Janet Gardner, best known as the lead vocalist of the all-female rock band VIXEN, will release her debut solo album on August 18 via Pavement Entertainment in conjunction with Pavement's cohorts Eternal Sound Records for Europe. All songs were written, performed and produced by Gardner and her husband of one year, Justin James, a guitarist, songwriter and producer who has previously worked with STAIND, COLLECTIVE SOUL and TYKETTO.
Check out audio samples in the YouTube clip below.
Gardner, drummer Roxy Petrucci and bassist Share Ross honored their friend and bandmate, guitarist and founder of VIXEN, Jan Kuehnemund, by resurrecting VIXEN in 2013.
The band was committed to reunite in 2012 but Kuehnemund's cancer diagnosis caused what was thought of at the time as a delay. Sadly, however, after a fierce battle, Kuehnemund succumbed to her illness, thus the reunion was not meant to be.
After discussing the idea with friends and family as well as lead vocalist from VIXEN's pre-reunion lineup, Jenna Sanz-Agero, it was agreed that it was the right decision for the three surviving definitive members to carry on as VIXEN.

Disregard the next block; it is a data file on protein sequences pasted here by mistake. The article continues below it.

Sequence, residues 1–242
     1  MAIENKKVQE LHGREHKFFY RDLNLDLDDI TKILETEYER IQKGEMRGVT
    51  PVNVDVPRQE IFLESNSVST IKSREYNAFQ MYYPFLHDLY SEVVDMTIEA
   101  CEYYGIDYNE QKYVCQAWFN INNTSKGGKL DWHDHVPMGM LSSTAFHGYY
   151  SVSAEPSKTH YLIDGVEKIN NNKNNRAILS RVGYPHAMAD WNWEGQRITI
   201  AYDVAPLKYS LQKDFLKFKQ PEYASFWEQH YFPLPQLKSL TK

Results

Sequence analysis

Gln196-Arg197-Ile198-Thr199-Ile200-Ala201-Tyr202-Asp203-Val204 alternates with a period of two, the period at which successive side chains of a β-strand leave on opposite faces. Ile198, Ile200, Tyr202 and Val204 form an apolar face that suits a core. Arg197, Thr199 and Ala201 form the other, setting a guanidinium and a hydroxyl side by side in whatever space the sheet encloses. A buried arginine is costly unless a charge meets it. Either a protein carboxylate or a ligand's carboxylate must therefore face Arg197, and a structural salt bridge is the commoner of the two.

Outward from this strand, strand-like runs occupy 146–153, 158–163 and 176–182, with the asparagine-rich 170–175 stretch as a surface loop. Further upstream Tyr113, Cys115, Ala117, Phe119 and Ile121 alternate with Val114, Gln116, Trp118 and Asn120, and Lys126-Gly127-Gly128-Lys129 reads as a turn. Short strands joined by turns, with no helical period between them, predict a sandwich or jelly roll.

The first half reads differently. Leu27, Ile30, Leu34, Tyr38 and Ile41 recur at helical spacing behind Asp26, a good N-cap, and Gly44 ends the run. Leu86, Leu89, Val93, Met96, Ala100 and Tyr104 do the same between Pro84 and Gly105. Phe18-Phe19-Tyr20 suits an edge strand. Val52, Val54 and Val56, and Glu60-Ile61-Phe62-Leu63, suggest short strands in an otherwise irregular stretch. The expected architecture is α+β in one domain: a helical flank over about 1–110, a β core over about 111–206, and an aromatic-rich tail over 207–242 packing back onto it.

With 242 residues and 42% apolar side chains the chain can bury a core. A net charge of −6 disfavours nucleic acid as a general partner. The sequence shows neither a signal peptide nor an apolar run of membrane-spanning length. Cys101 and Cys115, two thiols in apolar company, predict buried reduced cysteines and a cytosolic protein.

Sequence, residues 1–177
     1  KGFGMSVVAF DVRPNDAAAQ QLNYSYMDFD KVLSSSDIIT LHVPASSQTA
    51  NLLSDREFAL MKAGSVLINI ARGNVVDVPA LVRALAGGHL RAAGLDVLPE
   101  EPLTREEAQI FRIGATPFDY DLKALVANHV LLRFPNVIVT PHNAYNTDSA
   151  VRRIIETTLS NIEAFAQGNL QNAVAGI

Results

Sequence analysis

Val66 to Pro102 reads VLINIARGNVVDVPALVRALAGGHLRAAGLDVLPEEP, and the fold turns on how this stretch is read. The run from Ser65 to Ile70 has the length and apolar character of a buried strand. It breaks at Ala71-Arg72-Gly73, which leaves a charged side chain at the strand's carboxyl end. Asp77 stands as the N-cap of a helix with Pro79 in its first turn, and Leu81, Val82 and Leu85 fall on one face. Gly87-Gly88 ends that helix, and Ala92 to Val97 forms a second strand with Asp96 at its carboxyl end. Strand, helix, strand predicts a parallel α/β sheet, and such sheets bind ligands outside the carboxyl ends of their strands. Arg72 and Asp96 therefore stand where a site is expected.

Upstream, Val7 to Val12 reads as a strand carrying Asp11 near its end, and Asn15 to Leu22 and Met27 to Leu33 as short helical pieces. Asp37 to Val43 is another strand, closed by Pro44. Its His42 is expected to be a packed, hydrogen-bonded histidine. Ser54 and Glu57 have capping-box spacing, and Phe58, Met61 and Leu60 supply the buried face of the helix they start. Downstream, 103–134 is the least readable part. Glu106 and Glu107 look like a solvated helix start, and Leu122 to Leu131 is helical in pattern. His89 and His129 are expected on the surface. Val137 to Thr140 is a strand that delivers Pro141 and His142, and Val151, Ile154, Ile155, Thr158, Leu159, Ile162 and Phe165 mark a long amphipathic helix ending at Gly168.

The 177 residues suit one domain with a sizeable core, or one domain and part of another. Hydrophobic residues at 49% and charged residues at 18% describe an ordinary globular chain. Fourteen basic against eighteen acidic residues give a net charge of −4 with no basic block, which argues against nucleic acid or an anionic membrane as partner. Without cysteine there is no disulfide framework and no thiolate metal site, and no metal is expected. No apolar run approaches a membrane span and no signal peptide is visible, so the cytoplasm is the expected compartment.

Asked in a 2013 interview with Legendary Rock Interviews if she considers VIXEN to be trailblazers for females in rock, Janet said: "I don't know. Me being the singer there were always lots and lots of female vocalists who had obviously come before me and so many people that I was so inspired by, HEART being one of them. When I got the first HEART record, I was, like, 'Oh my God!' And there was always Janis Joplin and even Etta James were rocking, so it goes back a loooong way as far as female vocalists. That's not to mention Grace Slick or Pat Benatar or any other singers, so, to me, I was never really that trailblazing or unique or personally held back or persecuted. That said, as a band, it was tough because no matter what, people were wanting to find faults in what we were doing at every turn. We were always looked at a little differently as compared to just a band full of guys because they wanted to categorize us or label us as a novelty, they want us to be 'not real.' You know how people are — you're just looked at a little differently and viewed more through a microscope and yeah it was tougher than just being a guy band because we would never be able to get away with the things that guys in bands would get away with. They could get drunk and fall down onstage or miss a note and nobody would say anything, they would be seen as 'cool.' If we did that, it would be the living end, it would be, 'They suck, they're a joke… blah, blah, blah,' so that is kind of why we were very conscientious that every time we went onstage we were always going to be in top form because the same rules didn't apply to us."